Yesterday I started the first article in series exploring the issues raised by Lucian A. Bebchuk, Roberto Tallarita, both professors at Harvard Law School in their paper, THE ILLUSORY PROMISE OF STAKEHOLDER GOVERNANCE.
The professors, both advocates of maximising shareholder value as the purpose of a business, are highly critical of the growing shift to “stakeholderism” in both of the two forms of it that they identify: “Instrumental stakeholderism” (Enlightened Stakeholderism as others call it) and “pluralist stakeholderism.”
In the first article I noted that the professors “have made their position on the Shareholder v Stakeholder debate very clear. And in previous articles I have made my position clear. I think the shareholder v stakeholder argument is based on an entirely false dichotomy and the right focus should be the long-term success of the business itself”.
This series of articles uses the paper and the issues it raises to provide context to a series of four online conferences I am hosting as Founder and CEO of the Enlightened Enterprise Academy. A starting on MARCH 15th. BEYOND THE FALSE DICHOTOMY: ENDING THE SHAREHOLDER v STAKEHOLDER NONSENSE is the first theme. We have an excellent line-up of leading experts representing business, finance and investment, economics, academia and think tanks. DETAILS
In this first article exploring what professors Bebchuk and Tallarita say, I will explore their comments on “The rise of Stakeholderism” and, the “origins, evolution, and breadth of support” for it. I will focus on the “origins”, referring to the “early history of the U.S. corporation.”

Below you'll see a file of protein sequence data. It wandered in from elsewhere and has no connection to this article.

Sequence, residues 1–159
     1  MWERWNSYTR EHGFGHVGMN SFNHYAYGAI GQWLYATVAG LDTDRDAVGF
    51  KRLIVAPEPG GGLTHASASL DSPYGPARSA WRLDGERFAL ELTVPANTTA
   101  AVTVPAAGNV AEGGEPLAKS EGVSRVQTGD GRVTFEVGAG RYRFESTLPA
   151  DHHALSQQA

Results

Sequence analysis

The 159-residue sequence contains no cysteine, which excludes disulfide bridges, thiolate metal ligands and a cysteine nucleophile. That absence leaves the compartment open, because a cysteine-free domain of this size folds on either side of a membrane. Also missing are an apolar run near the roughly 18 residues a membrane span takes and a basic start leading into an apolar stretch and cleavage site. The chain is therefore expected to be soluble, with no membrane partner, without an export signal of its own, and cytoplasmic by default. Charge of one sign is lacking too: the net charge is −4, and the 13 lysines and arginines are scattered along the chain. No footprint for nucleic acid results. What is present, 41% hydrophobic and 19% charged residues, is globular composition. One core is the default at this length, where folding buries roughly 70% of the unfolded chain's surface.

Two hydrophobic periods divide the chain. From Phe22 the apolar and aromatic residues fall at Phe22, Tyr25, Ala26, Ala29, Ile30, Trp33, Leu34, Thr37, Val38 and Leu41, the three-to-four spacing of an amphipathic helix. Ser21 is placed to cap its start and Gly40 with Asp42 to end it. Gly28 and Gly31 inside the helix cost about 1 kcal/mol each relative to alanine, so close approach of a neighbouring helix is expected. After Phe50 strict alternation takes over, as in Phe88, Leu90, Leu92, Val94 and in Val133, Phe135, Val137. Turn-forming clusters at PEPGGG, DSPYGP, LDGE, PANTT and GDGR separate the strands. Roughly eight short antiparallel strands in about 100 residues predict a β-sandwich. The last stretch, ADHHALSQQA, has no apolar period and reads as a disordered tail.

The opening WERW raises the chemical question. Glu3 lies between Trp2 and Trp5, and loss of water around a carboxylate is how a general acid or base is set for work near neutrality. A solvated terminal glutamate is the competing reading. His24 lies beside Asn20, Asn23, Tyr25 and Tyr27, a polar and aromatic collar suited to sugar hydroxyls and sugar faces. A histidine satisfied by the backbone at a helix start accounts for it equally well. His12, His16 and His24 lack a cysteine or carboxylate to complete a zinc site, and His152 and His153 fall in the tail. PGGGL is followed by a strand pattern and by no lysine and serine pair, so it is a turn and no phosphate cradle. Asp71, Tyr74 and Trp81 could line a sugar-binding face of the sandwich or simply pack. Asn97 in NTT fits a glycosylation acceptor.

The professors note, “recognition of the corporate form—and of its most important feature: limited liability—was strictly connected with the notion of public benefit” in this early form of the corporation, and “this idea was rooted in English precedent, which drew a distinction between enterprises of direct benefit to public welfare and those aimed at making private profits, and viewed only the former as deserving the privilege of corporate personhood.
They go on to say, “The argument, as transplanted into American legal thought and practice, was that limited liability was an extraordinary and undemocratic privilege, and only a prevailing public interest could justify it”.
But, “this early conception was gradually abandoned with the passing of general incorporation acts, which enabled enterprises to adopt the corporate form without previous authorization by the state”.
“At that point, corporate personhood was no longer a privilege individually received from the state but a form of business organization generally available to all enterprises”. And “by the beginning of the 1920s, the idea that the main purpose of the business corporation was to make profits for shareholders was widely accepted and sanctioned by case law.”